Liveaboards are the most popular method to do this. They are also the most relaxing and comfortable way to enjoy your vacation and away from the typical land tourists.


Yes, toilets and showers are provided with your cabin.

With liveaboards, you’re already at the dive site first thing in the morning before any speedboats or dayboats arrive. Enjoy your coffee and breakfast, a bit of time to chill out, then you can do up to 4 dives a day and a night dive with your dive tour guide.

All your yummy Thai foods and snacks are prepared for you.

In the evenings, you can enjoy the sunsets on the deck and share your dive stories with other divers and snorkelers.

Many liveaboards give you island tours, opportunities to walk on white crystal beaches and hopefully get a glimpse of the protected wildlife.

2) Speedboats

Speedboats are quick and are used by dive centers.

They’re great but they are much smaller. They are not comfortable because there is not much room for divers and snorkelers, especially with all the dive gear and tanks. You also need to return to Thailand’s mainland because you cannot overnight on the speedboats. There is simply no room for that.

No toilets!

They can also be a rough boat ride when the wind picks up causing high waves.

3) Day Boats

Day boats are longer boat rides, around 3 hours or longer to get to the Similan Islands, and this is just to get there. Some dive centers have high-speed catamarans which will get you there quicker.

They are definitely more spacious and comfortable than speedboats, giving you more seating area and oftentimes, they will have sun decks and toilets.

At the end of your dive excursions, you must still return to Thailand’s mainland.

Description of Diving/Snorkeling in the Similan Islands

To truly enjoy the adventures of diving and snorkelling in the Similan Islands, it is best to do them from a liveaboard. The rest of this discussion is from my liveaboard viewpoint.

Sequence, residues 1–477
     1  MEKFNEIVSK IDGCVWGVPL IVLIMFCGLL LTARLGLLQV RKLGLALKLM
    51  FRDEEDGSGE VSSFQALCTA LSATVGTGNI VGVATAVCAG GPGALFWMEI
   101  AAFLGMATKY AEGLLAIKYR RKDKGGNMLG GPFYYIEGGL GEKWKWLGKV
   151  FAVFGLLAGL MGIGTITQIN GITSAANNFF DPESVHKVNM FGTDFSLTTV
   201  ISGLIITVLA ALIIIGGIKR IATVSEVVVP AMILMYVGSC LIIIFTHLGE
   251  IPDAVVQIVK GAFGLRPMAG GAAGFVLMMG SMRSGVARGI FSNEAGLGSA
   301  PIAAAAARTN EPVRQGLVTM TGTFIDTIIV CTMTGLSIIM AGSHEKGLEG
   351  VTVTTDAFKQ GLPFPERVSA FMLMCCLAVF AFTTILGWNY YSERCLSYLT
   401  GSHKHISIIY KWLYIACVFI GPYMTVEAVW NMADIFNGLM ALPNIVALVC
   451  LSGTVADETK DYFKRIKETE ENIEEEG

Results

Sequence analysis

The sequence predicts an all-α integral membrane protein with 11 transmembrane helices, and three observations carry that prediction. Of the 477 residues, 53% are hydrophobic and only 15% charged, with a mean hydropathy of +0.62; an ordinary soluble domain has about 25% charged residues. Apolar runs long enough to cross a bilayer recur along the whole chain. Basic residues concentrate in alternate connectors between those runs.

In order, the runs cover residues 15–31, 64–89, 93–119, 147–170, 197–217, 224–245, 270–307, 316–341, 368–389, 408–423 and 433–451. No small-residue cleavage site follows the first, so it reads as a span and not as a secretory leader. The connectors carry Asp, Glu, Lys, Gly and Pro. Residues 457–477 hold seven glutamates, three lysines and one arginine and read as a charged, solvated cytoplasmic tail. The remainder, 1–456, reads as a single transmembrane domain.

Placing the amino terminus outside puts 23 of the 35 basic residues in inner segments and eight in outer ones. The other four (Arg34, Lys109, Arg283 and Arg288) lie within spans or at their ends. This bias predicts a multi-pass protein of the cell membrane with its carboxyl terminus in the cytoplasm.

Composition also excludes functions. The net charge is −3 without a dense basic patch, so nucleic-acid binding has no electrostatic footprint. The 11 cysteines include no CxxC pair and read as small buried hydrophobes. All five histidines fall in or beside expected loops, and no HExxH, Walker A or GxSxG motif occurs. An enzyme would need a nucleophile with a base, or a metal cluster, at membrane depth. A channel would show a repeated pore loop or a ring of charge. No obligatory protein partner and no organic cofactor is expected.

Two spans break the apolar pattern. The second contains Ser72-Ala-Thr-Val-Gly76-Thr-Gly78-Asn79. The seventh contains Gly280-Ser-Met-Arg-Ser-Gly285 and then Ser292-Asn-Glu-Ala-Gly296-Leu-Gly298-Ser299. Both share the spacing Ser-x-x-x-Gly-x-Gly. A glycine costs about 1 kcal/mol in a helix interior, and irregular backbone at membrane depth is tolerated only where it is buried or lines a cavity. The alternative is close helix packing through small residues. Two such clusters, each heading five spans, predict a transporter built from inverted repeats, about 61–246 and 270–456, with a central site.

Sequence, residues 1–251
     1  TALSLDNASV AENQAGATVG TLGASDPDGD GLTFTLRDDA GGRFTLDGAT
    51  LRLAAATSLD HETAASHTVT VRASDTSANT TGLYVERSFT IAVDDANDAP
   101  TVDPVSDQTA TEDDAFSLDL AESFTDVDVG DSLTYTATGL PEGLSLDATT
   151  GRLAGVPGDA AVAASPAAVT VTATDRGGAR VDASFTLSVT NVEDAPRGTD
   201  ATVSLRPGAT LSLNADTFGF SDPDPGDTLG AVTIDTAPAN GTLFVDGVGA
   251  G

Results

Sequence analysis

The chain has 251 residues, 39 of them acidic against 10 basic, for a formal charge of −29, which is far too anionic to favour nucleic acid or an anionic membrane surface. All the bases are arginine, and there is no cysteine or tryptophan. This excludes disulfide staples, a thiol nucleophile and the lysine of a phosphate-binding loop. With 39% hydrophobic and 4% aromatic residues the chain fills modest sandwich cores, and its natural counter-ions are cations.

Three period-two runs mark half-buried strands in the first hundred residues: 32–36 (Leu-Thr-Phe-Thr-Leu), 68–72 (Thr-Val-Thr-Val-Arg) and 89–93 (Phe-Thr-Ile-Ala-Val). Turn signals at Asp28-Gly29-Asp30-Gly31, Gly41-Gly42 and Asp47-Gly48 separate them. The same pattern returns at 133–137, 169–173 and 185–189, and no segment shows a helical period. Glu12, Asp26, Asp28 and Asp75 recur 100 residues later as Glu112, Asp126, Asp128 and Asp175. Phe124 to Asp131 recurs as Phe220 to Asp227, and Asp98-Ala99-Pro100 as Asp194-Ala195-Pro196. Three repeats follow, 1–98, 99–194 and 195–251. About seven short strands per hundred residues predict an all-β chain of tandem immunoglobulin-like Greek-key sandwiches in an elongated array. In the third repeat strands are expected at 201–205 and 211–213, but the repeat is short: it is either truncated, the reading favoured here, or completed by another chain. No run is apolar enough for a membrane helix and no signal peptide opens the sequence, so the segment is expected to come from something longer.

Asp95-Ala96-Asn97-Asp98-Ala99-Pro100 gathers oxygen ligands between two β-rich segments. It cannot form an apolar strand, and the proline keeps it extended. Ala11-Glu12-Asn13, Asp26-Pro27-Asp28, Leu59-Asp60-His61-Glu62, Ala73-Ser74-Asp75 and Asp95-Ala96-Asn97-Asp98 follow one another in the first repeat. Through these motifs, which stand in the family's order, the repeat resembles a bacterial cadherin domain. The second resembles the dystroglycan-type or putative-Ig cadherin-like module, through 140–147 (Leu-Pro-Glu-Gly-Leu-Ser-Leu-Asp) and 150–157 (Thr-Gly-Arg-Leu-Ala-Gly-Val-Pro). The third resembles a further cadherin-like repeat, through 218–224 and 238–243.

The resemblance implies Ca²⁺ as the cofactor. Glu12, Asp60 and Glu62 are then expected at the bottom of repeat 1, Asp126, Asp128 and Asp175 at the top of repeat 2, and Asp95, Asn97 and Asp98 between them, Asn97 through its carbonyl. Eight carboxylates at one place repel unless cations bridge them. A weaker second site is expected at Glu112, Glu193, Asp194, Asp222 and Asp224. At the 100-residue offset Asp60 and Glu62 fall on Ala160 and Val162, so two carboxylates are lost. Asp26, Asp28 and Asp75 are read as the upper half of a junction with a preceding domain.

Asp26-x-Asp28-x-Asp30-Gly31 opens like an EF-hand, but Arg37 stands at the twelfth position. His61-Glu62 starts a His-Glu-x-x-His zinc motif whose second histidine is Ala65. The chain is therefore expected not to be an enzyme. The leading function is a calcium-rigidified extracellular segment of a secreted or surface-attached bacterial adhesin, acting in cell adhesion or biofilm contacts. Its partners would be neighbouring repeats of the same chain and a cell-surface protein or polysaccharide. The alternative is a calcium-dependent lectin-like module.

Koh Bon

While most of the Similan Islands are granite rock, Koh Bon, the 9th island, is a small limestone island

Best suited for: Certified divers of all skills. Snorkelling is done in the shallow bay.

Best done by: Liveaboards

Location:  20 km at the northern tip of the Similan Islands.

A Glimpse of the Dive Profile

Koh Bon offers one of the finest and only significant vertical wall diving in Thailand. The island is shaped like a horseshoe and interestingly, there is a cove that conveniently protects the divers, snorkelers and dive boats from strong currents and winds.

The top of the island has some greenery, but the rest is all rock with no beaches to walk on.

Want to see some giant manta rays?

Koh Bon is one of the best Similan Islands to be entertained by large pelagic and elegant marine life. Because of its cleaning station, cleaner shrimps wait anxiously to feed on the dead skin of giant manta rays who come to get cleaned.

There are 2 main dive sites here in Koh Bon:

1) The most popular site for divers is on the southwestern side of the island. There is a ridge that gently juts out like a step formation pattern and goes down as deep as 40m.

This is a great dive for divers who don’t have a lot of dive experience. Interesting bountiful coral bommies that look like mushrooms can be seen as well as sea fans and schools of snappers and sweetlips.

2) If you want to see the giant manta rays, then you want to be on the eastern side of the island. Experienced divers start their dive from the wall, my favourite type of diving.

This dive is unique in that the wall ridge is loaded with colourful sea fans of all sizes and shapes. While you don’t see many small sea critters here, there are large schools of fish hanging out in currents.

Divers wait here for the arrival of the giant manta rays who hone in on the fish soup from spawning snappers and rich nutrients brought in by the current.

If you look down, you might see a leopard shark lurking about on the sandy bottom or just chilling out.

Koh Bon Pinnacle Dive

This is a third dive site and it also has no beaches because it is out in the open sea. There are two underwater deep pinnacles side by side called the Koh Bon Pinnacle.

Best suited: Certified advanced divers. No snorkelers.

Best done by: Liveaboards

Location:  Koh Bon Pinnacle is just a few hundred meters going northwest of Koh Bon.

A Glimpse of the Dive Profile:

This is for Experienced Divers only and you should be prepared to do a negative buoyancy entry.